Armed with a baseball bat and a mop handle, members of the Asian Crips criminal street gang attacked a group of men and women outside the Asian Garden Mall in Little Saigon on Thanksgiving 2001 and murdered one of the victims.
The crime went unsolved for eight years until Westminster Police Department detective Tim Walker, arguably one of the nation's best Asian gang experts, used cell phone records to unravel the case and identify Tri Trong Huynh as a solid suspect.
During interviews with Walker, Huynh–a convicted burglar–initially claimed that he hadn't been at the mall that day and wasn't an Asian Crips hoodlum, an assertion undermined by the “AC” prominently tattooed on his back.
Walker was relentless in his questioning and, months later, Huynh
eventually claimed that he'd been jumped into the gang after the
killing, that he'd gotten a call to go to the Asian Garden Mall with
three Crips on the day of the crime to collect a debt and that he'd been
mildly violent at the murder scene before fleeing, according to court records.
Believing that Huynh is the person who struck the fatal, mop handle blow to Kevin Eng's
skull, Walker arrested him. Witnesses testified that the defendant had used the
stick during the crime and a 2010 jury found him guilty of murder, gang
membership, street terrorism and use of a deadly weapon. Later, Orange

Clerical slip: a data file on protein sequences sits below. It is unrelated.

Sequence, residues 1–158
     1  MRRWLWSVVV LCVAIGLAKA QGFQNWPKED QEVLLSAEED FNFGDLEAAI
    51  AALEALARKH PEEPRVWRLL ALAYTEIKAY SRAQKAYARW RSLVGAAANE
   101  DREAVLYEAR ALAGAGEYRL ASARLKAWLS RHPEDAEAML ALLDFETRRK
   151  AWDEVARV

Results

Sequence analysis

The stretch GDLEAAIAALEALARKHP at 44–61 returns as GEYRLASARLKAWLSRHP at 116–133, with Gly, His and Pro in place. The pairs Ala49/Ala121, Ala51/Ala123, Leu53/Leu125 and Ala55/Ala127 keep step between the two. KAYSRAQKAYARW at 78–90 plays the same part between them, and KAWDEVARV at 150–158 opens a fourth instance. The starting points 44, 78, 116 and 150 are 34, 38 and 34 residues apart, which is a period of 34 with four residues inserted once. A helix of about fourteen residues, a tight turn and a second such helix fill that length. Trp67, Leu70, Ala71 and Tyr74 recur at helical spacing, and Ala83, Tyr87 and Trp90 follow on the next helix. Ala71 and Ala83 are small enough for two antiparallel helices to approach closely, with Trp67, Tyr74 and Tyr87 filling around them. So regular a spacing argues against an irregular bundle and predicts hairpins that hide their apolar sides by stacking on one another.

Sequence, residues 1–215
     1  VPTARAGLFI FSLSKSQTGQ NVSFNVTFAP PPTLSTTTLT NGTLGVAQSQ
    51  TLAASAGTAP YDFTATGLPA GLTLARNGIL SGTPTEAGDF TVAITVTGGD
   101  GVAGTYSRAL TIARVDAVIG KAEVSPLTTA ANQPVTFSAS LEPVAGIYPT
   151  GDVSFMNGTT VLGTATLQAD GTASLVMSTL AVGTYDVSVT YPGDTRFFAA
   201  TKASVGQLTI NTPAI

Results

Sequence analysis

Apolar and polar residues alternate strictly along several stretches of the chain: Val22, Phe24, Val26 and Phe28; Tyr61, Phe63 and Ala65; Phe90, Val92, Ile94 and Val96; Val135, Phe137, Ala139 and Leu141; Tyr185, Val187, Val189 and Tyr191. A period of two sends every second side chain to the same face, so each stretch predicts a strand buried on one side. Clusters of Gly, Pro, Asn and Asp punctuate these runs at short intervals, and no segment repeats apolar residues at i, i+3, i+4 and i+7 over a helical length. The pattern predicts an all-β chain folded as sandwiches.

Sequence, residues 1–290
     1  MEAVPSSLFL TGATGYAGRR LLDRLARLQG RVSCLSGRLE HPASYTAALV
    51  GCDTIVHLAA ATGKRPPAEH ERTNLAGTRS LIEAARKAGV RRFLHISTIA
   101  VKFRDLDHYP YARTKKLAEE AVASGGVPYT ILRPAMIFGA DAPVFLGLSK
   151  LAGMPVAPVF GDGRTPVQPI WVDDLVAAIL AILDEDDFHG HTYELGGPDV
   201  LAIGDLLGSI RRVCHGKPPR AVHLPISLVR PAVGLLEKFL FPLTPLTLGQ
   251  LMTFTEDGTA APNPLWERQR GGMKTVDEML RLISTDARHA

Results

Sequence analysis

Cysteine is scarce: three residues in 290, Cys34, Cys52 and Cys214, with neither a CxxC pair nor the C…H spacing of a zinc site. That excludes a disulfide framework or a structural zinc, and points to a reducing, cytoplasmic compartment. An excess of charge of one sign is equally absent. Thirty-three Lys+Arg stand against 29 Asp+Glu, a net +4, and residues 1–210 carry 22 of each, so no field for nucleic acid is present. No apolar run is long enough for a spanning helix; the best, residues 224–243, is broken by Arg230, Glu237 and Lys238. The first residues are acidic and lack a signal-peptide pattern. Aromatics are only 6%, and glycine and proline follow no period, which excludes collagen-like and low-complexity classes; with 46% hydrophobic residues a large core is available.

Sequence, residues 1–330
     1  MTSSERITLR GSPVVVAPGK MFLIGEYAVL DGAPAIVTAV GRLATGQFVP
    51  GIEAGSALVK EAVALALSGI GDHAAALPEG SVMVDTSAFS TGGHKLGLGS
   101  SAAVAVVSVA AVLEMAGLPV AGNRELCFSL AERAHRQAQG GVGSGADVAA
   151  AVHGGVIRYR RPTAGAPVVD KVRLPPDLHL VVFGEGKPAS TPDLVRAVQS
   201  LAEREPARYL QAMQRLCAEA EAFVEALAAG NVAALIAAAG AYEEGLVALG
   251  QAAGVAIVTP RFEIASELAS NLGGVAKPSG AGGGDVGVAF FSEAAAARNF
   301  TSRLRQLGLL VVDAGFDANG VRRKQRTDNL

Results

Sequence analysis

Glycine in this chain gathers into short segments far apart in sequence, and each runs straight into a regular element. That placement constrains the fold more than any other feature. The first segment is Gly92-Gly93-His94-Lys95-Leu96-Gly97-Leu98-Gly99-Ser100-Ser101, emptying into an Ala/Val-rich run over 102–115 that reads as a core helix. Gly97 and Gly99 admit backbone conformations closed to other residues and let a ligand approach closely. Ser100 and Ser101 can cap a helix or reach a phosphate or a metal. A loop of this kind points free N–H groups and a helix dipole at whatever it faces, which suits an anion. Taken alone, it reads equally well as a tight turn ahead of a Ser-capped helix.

County Superior Court Judge William R. Froeberg sentenced him to prison.
appealed his convictions, claiming the prosecutor committed misconduct
and that his defense lawyer had been inept for not attempting to
undermine Walker's gang expert testimony.
On May 31, a California Court of Appeal based in Santa Ana issued a 14-page ruling that rejected Huynh's arguments.
The Asian Crip, who is now 30 years old, will continue to serve his
life sentence at the California State Prison at Sacramento. Huynh won't ever return to society. Froeberg made sure he is
ineligible for parole.
R. Scott Moxley’s award-winning investigative journalism has touched nerves for two decades. An angry congressman threatened to break Moxley’s knee caps. A dirty sheriff promised his critical reporting was irrelevant and then landed in prison. The U.S. House of Representatives debated his work. Federal prosecutors credited his stories for the arrest of a doctor who sold fake medicine to dying patients. Moxley has won Journalist of the Year honors at the Los Angeles Press Club; been named Distinguished Journalist of the Year by the LA Society of Professional Journalists; and hailed by two New York Times Magazine writers for his “herculean job” exposing Southern California law enforcement corruption.